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The Pickwick Papers 324







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The Pickwick Papers

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Pickwick mildly. Not quite, replied Perker. I cannot undertake to say, at this moment, whether the wording of the cognovit, the nature of the ostensible consideration, and the proof we can get together about the whole conduct of the suit, will be sufficient to justify an indictment for conspiracy. I fear not, my dear Sir; they are too clever for that, I doubt. I do mean to say, however, that the whole facts, taken together, will be sufficient to justify you, in the minds of all reasonable men. And now, my dear Sir, I put it to you. This one hundred and fifty pounds, or whatever it may be --take it in round numbers--is nothing to you. A jury had decided against you; well, their verdict is wrong, but still they decided as they thought right, and it IS against you. You have now an opportunity, on easy terms, of placing yourself in a much higher position than you ever could, by remaining here; which would only be imputed, by people who didnt know you, to sheer dogged, wrongheaded, brutal obstinacy; nothing else, my dear Sir, believe me. Can you hesitate to avail yourself of it, when it restores you to your friends, your old pursuits, your health and amusements; when it liberates your faithful and attached servant, whom you otherwise doom to imprisonment for the whole of your life; and above all, when it enables you to take the very magnanimous revenge--which I know, my dear sir, is one after your own heart--of releasing this woman from a scene of misery and debauchery, to which no man should ever be consigned, if I had my will, but the infliction of which on any woman, is even more frightful and barbarous. Now I ask you, my dear sir, not only as your legal adviser, but as your very true friend, will you let slip the occasion of attaining all these objects, and doing all this good, for the paltry consideration of a few pounds finding their way into the pockets of a couple of rascals, to whom it makes no manner of difference, except that the more they gain, the more theyll seek, and so the sooner be led into some piece of knavery that must end in a crash? I have put these considerations to you, my dear Sir, very feebly and imperfectly, but I ask you to think of them. Turn them over in your mind as long as you please. I wait here most patiently for your answer. Before Mr. Pickwick could reply, before Mr. Perker had taken one twentieth part of the snuff with which so unusually long an address imperatively required to be followed up, there was a low murmuring of voices outside, and then a hesitating knock at the door. Dear, dear, exclaimed Mr. Pickwick, who had been evidently roused by his friends appeal; what an annoyance that door is! Who is that? Me, Sir, replied Sam Weller, putting in his head. I cant speak to you just now, Sam, said Mr. Pickwick. I am engaged at this moment, Sam. Beg your pardon, Sir, rejoined Mr. Weller. But heres a lady here, Sir, as says shes somethin wery partickler to disclose. I cant see any lady, replied Mr. Pickwick, whose mind was filled with visions of Mrs. Bardell. I wouldnt make too sure o that, Sir, urged Mr. Weller, shaking his head. If you knowd who was near, sir, I rayther think youd change your note; as the hawk remarked to himself vith a cheerful laugh, ven he heerd the robin-redbreast a-singin round the corner. Who is it? inquired Mr. Pickwick. Will you see her, Sir? asked Mr. Weller, holding the door in his hand as if he had some curious live animal on the other side. I suppose I must, said Mr. Pickwick, looking at Perker. Well then, all in to begin! cried Sam. Sound the gong, draw up the curtain, and enter the two conspiraytors. As Sam Weller spoke, he threw the door open, and there rushed tumultuously into the room, Mr. Nathaniel Winkle, leading after him by the hand, the identical young lady who at Dingley Dell had worn the boots with the fur round the tops, and who, now a very pleasing compound of blushes and confusion, and lilac silk, and a smart bonnet, and a rich lace veil, looked prettier than ever. Miss Arabella Allen! exclaimed Mr. Pickwick, rising from his chair. No, replied Mr. Winkle, dropping on his knees. Mrs. Winkle. Pardon, my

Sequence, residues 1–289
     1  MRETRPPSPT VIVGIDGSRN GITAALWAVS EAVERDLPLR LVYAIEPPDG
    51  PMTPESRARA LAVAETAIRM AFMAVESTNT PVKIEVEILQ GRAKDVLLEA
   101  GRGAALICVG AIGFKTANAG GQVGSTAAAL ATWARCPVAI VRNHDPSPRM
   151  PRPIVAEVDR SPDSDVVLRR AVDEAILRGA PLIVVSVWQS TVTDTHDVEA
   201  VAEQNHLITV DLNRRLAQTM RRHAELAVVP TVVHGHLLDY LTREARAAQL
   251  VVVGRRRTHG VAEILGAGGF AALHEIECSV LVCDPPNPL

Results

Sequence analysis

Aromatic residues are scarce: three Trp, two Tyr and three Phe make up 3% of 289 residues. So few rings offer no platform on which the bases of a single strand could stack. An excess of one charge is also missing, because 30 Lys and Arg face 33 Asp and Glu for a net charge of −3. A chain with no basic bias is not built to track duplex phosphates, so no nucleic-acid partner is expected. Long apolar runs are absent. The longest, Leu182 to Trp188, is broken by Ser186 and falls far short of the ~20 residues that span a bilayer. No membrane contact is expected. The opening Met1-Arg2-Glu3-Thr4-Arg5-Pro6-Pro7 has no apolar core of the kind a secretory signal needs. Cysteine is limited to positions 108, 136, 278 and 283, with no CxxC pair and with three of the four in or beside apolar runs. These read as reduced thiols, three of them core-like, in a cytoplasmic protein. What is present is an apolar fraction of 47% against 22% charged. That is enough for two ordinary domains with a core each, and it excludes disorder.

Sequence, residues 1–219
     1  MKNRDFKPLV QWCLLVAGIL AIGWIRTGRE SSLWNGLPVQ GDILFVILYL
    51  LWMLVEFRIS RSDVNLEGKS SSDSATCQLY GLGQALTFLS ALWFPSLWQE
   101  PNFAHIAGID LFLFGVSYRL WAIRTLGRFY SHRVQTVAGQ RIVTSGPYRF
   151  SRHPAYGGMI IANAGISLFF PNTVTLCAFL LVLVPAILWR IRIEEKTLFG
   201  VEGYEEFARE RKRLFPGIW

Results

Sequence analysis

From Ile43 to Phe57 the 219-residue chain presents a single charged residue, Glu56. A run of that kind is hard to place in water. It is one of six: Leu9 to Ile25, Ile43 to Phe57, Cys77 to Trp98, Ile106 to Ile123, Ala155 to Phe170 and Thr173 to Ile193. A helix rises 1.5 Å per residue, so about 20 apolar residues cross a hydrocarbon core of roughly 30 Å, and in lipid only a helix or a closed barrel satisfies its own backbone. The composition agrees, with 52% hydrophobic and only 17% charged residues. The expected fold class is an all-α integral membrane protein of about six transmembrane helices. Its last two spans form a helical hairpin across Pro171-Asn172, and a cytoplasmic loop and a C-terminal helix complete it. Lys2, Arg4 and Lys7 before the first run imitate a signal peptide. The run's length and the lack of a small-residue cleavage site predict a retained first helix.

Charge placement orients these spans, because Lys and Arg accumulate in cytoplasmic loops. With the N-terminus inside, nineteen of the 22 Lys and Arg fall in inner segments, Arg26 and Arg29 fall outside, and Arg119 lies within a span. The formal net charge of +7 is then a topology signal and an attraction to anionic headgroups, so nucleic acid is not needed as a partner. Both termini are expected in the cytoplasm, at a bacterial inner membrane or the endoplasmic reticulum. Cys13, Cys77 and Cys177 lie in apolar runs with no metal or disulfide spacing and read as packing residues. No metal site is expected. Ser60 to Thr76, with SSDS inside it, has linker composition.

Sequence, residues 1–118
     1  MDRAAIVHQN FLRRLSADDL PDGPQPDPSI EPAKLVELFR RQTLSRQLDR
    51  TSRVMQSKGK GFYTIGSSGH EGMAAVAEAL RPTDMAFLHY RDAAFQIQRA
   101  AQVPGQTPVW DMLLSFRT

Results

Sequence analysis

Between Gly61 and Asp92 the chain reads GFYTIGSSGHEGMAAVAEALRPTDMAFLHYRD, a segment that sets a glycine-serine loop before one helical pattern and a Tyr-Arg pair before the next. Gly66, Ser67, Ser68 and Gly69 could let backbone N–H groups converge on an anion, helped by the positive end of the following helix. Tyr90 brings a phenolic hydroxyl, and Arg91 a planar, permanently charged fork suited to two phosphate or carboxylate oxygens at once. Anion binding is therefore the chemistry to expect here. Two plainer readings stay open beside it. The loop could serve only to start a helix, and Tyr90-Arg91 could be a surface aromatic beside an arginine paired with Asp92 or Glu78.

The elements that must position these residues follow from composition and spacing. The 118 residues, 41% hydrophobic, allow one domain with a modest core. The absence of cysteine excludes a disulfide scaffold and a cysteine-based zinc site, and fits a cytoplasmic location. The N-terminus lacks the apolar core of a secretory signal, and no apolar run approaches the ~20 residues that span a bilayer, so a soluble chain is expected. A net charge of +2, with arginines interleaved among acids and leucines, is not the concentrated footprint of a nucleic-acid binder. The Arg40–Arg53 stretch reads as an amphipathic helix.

The Pickwick Papers page 323        The Pickwick Papers page 325